Fish printing and reanimating the dead
By Eleanor Morgan, on 14 May 2015
How do you reanimate things that are dead? Since beginning my role as Artist in Residence at the Grant Museum I’ve been worrying at this question. My focus is on the Museum’s collection of glass sponges, but over the past six months these extraordinary animals have pushed me down other paths to explore. Some of these have led to very productive failures.
I’m thinking in particular of my attempts at waterless lithography, which is printing technique that uses silicone (in the form of bathroom sealant) to repel ink. You draw an image on a piece of metal, cover it in bathroom sealant and then once it is dried you wash the metal and the sealant will come off the areas on which you drew your picture. You now have a negative of your picture, which you can ink up and put through a printing press. I thought this was an ideal technique and material with which to explore glass sponges, which are themselves formed of silica. However, the problem came when I looked closer at the bottle of silicone remover that I was using – printed on the back of the label was a drawing of a dead fish. These chemicals are deadly to sea creatures if they enter their ecosystem. It seemed particularly grim for me to pursue a method of making images that could potentially kill its subject.
I’ve recently been exploring another fishy route. I had been told about an old Japanese technique called Gyotaku, which translates as ‘fish rubbing’. Before the invention of photography, fisherman in Japan wanted a way to record the size of their catch. Their solution was to ink up the fish and print it. Working with James Keith, the printmaking technician at the UCL Slade School of Fine Art, I decided to see whether we could make our own fishy prints. We soon realised that we needed some more fish knowledge, so invited artist and fishmonger Sam Curtis to join us. The word/smell gradually spread until we had gathered a crew of five fish printers.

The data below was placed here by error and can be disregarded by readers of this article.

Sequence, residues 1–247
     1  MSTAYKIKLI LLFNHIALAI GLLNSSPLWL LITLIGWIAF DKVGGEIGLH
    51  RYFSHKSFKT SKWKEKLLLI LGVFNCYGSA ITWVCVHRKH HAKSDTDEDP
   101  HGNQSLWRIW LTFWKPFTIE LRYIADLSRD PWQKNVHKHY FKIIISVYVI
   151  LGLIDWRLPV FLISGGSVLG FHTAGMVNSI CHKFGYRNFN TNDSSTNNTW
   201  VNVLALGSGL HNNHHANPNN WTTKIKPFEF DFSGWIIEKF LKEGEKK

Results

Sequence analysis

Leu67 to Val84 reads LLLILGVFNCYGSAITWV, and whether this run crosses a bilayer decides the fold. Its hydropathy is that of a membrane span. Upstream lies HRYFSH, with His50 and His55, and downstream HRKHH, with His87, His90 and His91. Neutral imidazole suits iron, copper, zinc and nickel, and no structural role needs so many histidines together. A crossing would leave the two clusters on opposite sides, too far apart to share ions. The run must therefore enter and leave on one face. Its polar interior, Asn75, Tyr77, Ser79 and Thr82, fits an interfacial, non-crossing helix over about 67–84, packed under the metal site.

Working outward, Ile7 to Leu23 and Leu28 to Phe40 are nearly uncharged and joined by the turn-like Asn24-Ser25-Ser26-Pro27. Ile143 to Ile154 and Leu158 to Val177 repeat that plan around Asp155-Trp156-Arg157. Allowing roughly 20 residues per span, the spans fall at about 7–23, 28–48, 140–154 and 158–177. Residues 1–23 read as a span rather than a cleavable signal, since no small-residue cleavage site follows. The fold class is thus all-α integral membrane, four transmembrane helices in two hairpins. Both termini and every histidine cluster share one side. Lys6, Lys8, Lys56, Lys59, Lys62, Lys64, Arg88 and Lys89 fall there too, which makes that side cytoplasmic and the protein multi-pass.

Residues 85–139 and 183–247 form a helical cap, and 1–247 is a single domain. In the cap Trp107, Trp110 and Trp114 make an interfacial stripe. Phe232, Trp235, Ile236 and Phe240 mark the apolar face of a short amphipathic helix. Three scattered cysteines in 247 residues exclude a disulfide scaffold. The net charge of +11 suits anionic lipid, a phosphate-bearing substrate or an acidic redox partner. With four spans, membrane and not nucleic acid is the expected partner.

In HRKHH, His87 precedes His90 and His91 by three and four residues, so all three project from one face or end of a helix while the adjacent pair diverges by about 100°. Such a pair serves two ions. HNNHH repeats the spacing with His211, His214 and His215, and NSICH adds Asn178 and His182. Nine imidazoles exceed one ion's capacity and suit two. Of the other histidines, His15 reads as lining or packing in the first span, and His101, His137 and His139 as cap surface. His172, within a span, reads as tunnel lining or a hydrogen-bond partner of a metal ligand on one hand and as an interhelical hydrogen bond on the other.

Sam had brought a selection of beautiful and textured fish, which lay together in the printing workshop washed and ready to be inked. We had a selection of four inks to try out – a Chinese calligraphy ink, an acrylic ink, a cuttlefish/gum arabic ink bought from an art shop, and finally a squid ink from a fishmongers. Trying each in turn, it was the squid ink that produced the best results – creating deep black and detailed marks. Rather than being watery, as I had expected, squid ink has a thick jelly-like consistency that seems to lend itself to printing. Importantly, using squid ink would also mean that the fish were still edible after the printing process. The fish and the squid ink seemed to ‘get on’ with each other.
We inked up each fish and then lay thin Japanese paper on top. Now the rubbing began. Starting with the head of the fish, rub firmly but gently – circular motions with the palm of the hand or fingertips. This was a communal, collaborative fish rub – each of us had our own fish, whose inky outline was visible through the veil of paper. Once the rubbing was done, we removed the paper and the print was revealed. The fish appear almost like fossils, creatures caught in movement at a particular time. There’s a liveliness to the images, which is not just about how they look, it’s also about the process of making them – the direct touch and the gentle rub of five pairs of hands.
Eleanor Morgan is Artist in Residence at the Grant Museum of Zoology, funded by the Leverhulme Trust.